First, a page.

It’s tough to research people and life in the Old West without stumbling over references to opium use. Opiates in various forms were widely prescribed and used, and legal at the time.
I’ve read numerous books and articles on the topic of opium, and one day when I’d been delving deep, I happened to listen to the soundtrack from “The Blues Brothers” movie and caught Cab Calloway’s “Minnie the Moocher,” which he first recorded in 1931. I was struck by references that I’d never understood before.
In the first verse, Calloway describes Minnie as “the roughest, toughest frail” — frail being one of many euphemisms for prostitutes in the Old West. Such women had a high rate of drug use, but they were far from alone. In an age when medical care was often rudimentary, especially in the West, many people used opiates to ease pain, the coughing associated with countless illnesses (opium is one of the best cough suppressants around) and depression.
Minnie’s boyfriend, “a bloke named Smokey,” was cokey, meaning a cocaine user. “He took her down to Chinatown / And he showed her how to kick the gong around.” “Kicking the gong around” was slang for opium smoking, and Chinatown was where the opium dens were. Chinese immigrants who arrived for the California Gold Rush brought opium smoking with them, and the practice spread to whites in the West.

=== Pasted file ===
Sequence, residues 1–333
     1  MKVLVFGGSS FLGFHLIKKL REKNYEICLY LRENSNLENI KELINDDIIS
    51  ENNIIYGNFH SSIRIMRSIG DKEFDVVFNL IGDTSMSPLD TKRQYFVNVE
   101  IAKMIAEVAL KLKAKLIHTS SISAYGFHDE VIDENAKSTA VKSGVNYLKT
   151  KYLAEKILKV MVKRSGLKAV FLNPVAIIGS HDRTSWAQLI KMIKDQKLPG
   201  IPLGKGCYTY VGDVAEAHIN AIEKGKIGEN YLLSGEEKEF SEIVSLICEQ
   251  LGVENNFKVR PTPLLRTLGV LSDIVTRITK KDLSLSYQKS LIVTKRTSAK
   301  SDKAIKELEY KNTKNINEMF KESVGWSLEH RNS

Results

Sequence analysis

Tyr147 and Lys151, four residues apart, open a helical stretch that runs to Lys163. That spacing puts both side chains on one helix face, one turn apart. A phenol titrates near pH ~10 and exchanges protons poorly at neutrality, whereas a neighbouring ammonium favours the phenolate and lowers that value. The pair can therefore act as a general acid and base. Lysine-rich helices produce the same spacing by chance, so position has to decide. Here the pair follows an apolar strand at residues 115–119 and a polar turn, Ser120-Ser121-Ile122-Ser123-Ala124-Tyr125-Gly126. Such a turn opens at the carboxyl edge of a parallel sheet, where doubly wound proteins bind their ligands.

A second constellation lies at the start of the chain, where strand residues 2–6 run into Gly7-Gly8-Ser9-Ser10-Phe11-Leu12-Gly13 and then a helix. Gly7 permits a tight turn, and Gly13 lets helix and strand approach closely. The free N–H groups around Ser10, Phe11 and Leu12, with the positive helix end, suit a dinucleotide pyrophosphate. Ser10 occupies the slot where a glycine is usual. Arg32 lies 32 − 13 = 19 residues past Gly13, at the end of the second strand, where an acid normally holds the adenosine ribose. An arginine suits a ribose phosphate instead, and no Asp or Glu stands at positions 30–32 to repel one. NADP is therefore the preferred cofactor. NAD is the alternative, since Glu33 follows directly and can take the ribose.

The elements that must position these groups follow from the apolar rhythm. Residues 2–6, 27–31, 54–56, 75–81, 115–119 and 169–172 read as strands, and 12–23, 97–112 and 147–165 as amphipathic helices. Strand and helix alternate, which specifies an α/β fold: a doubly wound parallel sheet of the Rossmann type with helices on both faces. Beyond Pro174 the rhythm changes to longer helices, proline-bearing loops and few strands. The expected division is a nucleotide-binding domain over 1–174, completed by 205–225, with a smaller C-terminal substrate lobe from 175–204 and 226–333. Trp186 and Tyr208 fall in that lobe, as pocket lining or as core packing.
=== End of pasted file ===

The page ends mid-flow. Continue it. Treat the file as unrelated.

But unlike their Old West counterparts, Minnie and Smokey would have been buying their drug on the black market — the first federal ban on opium was passed in 1925.
Songfacts.com says Calloway’s song used “jive slang white audiences of the time would not have recognized,” which kept its “sordid tale” from being censored and allowed it to reach a wide audience and sell more than 1 million copies. But Steven Martin in “Opium Fiend: A 21st Century Slave to a 19th Century Addiction” writes that “listeners didn’t have to be told that Minnie was an opium smoker. The slang term ‘kick the gong,’ meaning to smoke opium, had long been in use.”
In the song, Minnie goes on to dream about the King of Sweden and extravagant riches — a classic opium-induced “pipe dream.” (In other slang, to have a yen for something originally meant a craving for opium.)
Calloway must have been fond of Minnie. According to Wikipedia, she appears in a number of his songs, and he had more than one album named “Minnie the Moocher.” He also wrote an extended version of the song:
adding verses that describe Minnie and Smokey going to jail; Minnie pays Smokey’s bail, but he abandons her there…. Finally, they took Minnie to ‘where they put the crazies,’ where she dies. This explains why both the short version and the long version end with the words ‘Poor Min, poor Min.’
You can see Calloway dancing in the earliest known recording of him at the beginning of this Betty Boop cartoon on YouTube.